$3.5 million grant awarded to Troy University to fund research on medical waste recycling
Troy University has received a $3.5 million federal grant that will fund its continued research and development of methods to recycle personal protective equipment (PPE).
The National Institute of Standards and Technology has awarded TROY's Centre for Materials and Manufacturing Sciences a $3.5 million grant aimed at combating the growing problem of medical waste. The three-year grant is the third NIST has awarded to the centre, continuing the growth of the CMMS.
"The first two NIST grants were to set up the lab, and this one is to fund particular research projects," said Dr. Govind Menon, Director of TROY's School of Science and Technology. "We are entering into the academic research phase of the centre. This $3.5 million does directly to research projects, and it will include something TROY has never done before — we're going to have post-doctoral positions, something very typical of research institutions."
The funding will allow TROY to hire four staff members to focus solely on research.
"These are not faculty. They're here to do research and only research," Menon said. "Another new thing is we have a full-time lab technician who maintains these millions of dollars worth of instrumentation. We're really stepping up our game and becoming a full-blown research centre."
In 2019 alone, the U.S. generated more than 100 million tons of medical waste. Menon said the CMMS research, done in collaboration with the University of Alabama at Birmingham College of Engineering, will establish a full procedure, from decontamination to applications of the resulting materials, to recycle PPE waste.
"We have already started the PPE part of the research, and we are beginning our analysis on how to reuse the materials," Menon said. "This is certainly important with the pandemic in mind, but it's relevant even beyond the pandemic. Medical PPE is something people have been afraid to touch, largely because of contamination. This is absolutely vital research, otherwise the waste generated by PPE will be enormous, in addition to existing waste."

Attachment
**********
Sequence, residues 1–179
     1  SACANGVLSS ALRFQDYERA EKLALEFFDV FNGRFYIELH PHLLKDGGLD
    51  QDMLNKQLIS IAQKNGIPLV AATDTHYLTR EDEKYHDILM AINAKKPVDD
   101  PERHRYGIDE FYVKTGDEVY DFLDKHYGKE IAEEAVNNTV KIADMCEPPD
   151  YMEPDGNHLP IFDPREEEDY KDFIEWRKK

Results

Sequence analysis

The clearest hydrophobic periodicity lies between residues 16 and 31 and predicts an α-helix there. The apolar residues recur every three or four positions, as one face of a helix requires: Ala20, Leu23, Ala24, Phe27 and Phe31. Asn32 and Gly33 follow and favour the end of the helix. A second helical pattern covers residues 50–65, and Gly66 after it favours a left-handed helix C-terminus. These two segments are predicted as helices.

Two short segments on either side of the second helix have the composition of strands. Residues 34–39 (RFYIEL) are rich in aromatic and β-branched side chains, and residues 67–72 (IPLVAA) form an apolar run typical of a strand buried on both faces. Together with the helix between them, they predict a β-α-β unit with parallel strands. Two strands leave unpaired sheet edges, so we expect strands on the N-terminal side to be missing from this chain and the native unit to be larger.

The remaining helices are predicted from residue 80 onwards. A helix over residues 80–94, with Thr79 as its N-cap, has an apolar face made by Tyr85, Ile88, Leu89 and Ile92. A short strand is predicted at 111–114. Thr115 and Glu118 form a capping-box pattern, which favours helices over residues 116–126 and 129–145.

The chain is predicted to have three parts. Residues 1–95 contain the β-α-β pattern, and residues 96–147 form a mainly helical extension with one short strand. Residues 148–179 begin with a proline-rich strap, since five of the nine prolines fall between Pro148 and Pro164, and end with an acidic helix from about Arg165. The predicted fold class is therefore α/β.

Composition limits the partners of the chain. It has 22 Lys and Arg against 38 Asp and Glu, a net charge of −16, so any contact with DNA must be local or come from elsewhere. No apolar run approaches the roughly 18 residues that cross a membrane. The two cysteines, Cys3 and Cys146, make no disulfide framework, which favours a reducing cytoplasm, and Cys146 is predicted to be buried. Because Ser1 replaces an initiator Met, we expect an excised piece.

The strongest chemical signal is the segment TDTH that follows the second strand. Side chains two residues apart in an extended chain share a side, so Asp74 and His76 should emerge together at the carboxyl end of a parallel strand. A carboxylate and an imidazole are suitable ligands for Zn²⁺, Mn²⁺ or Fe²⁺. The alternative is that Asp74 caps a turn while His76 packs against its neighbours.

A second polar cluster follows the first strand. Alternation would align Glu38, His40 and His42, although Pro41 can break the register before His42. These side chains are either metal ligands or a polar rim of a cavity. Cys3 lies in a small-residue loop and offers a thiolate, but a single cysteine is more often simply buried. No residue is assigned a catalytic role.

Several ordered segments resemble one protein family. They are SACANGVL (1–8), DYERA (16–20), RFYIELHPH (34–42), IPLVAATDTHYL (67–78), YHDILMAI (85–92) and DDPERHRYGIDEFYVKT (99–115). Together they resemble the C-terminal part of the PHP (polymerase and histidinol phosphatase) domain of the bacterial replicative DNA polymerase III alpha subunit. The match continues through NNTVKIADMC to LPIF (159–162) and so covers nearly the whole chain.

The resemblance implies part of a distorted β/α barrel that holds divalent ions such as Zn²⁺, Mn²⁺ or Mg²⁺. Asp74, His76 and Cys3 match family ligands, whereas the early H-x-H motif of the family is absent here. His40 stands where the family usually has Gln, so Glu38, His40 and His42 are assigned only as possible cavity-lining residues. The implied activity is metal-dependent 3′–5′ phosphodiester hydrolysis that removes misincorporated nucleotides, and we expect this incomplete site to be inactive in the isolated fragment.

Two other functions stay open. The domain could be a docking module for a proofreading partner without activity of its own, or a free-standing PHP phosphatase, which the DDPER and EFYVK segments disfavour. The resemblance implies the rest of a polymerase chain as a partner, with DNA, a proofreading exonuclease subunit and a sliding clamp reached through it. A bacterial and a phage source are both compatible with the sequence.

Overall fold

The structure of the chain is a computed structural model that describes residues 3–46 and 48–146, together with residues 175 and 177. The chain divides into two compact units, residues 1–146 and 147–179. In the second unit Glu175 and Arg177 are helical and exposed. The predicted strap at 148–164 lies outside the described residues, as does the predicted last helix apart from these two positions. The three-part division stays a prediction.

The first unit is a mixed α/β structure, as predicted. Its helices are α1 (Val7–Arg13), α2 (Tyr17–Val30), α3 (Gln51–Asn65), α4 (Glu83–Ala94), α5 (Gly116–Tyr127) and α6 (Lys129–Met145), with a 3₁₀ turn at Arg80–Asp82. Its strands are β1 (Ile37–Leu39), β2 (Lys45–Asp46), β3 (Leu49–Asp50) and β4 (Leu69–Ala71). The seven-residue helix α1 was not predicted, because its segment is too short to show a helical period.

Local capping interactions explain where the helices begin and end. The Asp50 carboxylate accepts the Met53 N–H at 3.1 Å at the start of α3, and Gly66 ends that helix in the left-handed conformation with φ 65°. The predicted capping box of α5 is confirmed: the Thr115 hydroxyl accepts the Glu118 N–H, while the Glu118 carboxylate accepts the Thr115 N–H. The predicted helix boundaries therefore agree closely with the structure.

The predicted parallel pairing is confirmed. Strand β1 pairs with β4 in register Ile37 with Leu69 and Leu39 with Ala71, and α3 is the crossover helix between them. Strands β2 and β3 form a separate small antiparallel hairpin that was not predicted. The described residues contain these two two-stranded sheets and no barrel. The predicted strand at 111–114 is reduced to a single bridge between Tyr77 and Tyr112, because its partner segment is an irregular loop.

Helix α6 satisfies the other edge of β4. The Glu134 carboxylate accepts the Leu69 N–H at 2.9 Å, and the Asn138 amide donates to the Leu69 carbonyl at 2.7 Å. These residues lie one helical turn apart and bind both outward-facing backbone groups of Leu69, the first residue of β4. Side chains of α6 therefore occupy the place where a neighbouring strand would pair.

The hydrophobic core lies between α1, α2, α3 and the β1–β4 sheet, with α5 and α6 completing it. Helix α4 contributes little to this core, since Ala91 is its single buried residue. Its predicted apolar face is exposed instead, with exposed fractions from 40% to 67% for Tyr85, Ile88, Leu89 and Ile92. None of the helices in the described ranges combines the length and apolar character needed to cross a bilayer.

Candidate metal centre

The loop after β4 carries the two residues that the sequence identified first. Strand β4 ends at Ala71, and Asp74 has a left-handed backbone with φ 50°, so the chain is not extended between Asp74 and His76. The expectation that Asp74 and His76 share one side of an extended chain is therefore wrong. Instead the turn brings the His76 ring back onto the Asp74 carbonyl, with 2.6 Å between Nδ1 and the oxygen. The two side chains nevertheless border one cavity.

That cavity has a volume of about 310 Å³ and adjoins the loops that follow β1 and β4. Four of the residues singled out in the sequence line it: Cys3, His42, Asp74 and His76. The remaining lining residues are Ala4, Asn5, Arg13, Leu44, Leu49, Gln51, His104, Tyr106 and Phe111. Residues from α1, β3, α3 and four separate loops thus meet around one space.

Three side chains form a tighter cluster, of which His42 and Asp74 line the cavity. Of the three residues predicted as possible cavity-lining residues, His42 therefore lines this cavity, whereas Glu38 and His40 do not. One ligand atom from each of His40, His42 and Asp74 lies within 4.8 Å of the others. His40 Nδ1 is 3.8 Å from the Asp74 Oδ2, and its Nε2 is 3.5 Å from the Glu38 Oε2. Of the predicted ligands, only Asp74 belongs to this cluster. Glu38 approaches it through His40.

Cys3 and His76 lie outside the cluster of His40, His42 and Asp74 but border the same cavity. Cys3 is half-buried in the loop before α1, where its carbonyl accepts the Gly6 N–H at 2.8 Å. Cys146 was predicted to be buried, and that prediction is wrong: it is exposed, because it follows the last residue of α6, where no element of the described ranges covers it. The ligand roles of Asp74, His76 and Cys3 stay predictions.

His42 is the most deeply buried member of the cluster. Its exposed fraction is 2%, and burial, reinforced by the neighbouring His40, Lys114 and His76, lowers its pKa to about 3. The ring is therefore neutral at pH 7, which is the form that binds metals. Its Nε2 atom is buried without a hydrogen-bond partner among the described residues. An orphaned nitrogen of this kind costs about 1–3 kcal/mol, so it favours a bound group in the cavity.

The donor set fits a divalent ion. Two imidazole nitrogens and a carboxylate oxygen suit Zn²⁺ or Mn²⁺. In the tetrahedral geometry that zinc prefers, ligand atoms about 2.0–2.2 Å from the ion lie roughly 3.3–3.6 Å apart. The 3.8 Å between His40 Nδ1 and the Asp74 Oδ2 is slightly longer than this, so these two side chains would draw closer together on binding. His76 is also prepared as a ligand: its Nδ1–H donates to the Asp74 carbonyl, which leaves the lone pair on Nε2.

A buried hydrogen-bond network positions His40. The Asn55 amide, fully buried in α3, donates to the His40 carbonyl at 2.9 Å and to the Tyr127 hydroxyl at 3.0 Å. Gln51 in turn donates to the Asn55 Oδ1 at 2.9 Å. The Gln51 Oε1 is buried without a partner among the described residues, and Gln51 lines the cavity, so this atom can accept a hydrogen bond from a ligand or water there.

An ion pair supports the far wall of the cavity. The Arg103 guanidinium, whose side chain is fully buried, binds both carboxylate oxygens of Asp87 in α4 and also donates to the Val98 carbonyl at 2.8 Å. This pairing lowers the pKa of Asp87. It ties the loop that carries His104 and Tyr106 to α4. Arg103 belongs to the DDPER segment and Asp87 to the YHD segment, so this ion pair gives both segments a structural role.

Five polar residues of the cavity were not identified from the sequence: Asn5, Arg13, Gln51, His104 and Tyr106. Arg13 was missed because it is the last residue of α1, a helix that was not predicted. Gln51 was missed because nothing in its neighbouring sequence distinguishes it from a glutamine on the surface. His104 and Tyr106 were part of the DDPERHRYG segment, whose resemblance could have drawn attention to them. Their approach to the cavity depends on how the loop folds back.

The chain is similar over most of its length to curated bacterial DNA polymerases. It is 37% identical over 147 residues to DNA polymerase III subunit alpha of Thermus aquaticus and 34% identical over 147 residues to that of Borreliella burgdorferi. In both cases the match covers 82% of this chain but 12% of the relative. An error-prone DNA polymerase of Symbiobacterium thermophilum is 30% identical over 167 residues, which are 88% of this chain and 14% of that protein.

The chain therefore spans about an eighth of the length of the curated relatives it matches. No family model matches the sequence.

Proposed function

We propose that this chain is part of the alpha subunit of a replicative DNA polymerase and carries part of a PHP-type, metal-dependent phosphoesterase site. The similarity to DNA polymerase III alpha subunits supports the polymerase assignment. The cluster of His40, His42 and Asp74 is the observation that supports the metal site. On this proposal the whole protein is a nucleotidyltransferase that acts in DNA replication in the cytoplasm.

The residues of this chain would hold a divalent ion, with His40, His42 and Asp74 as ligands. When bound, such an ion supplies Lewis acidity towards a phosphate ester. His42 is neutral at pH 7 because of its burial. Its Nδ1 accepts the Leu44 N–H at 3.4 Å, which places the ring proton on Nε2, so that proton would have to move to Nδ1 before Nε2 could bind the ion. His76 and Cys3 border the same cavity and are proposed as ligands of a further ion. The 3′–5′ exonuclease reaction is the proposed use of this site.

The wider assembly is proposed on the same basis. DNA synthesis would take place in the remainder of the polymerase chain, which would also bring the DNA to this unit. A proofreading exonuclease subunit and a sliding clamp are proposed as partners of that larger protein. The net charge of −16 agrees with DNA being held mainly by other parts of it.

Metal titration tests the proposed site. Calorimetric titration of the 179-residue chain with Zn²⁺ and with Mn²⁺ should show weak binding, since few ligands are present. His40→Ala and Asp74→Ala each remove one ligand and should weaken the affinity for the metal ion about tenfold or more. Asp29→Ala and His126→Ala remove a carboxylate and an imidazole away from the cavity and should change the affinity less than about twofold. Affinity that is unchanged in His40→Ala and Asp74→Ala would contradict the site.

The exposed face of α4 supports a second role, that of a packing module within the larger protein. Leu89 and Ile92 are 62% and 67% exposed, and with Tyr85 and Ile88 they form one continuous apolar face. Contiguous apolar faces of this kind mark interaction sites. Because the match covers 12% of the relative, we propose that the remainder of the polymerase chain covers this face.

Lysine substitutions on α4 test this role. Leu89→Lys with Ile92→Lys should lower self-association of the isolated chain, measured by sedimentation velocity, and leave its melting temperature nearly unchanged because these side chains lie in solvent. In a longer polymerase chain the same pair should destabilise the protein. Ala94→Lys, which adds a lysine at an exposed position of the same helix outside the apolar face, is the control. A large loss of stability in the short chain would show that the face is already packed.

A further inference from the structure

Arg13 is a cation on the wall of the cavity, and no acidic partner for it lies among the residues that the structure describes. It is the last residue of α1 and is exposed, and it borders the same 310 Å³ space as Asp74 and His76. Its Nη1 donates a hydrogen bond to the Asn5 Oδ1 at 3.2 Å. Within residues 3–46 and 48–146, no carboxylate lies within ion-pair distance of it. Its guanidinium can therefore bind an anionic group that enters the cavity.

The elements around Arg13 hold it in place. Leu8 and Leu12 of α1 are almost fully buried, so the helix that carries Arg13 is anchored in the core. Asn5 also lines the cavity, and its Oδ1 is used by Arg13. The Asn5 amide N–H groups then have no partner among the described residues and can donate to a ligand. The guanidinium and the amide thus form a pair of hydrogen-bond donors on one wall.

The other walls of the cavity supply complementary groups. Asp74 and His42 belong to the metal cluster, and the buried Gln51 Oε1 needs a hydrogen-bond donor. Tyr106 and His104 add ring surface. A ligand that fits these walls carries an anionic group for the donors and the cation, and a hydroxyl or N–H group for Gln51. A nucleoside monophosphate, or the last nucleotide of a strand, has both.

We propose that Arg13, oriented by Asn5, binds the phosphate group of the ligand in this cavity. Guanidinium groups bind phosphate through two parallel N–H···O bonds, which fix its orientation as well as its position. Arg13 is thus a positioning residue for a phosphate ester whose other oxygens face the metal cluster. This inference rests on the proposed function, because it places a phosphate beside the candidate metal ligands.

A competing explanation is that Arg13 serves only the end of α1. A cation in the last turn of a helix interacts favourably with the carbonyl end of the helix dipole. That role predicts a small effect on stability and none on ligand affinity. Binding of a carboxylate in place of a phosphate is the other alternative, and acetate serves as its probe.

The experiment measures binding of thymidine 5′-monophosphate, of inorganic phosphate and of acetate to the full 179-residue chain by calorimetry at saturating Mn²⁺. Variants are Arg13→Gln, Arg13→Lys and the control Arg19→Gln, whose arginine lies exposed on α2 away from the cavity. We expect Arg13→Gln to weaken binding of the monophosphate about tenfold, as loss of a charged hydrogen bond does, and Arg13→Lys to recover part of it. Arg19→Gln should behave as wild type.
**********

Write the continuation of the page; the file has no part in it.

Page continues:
Traditionally, waste management companies have operated using a simple "management of waste" approach to operating a MRF. Throughput targets and continuous operation (minimal downtime) were the main driving forces. The industry has changed however, and the focus moving forward is now on optimizing system performance and reliability, in conjunction with increasing recycling rates and a drive for a "greener" and more sustainable tomorrow.
When considering the addition of, or upgrade to, an "intelligent" MRF, for municipalities or private operators, the main factors should always be the client's (operator) current requirements, and evolving market needs, which include throughput, reliability, output quality, and adaptability. Equally important is a full understanding of what is really expected from any proposed system. Having an engaged and focused mindset for the project with the client from the beginning, will impact and drive the entire design process. This then impacts the overall project result, through to the productive, efficient, ongoing operation of the facility itself.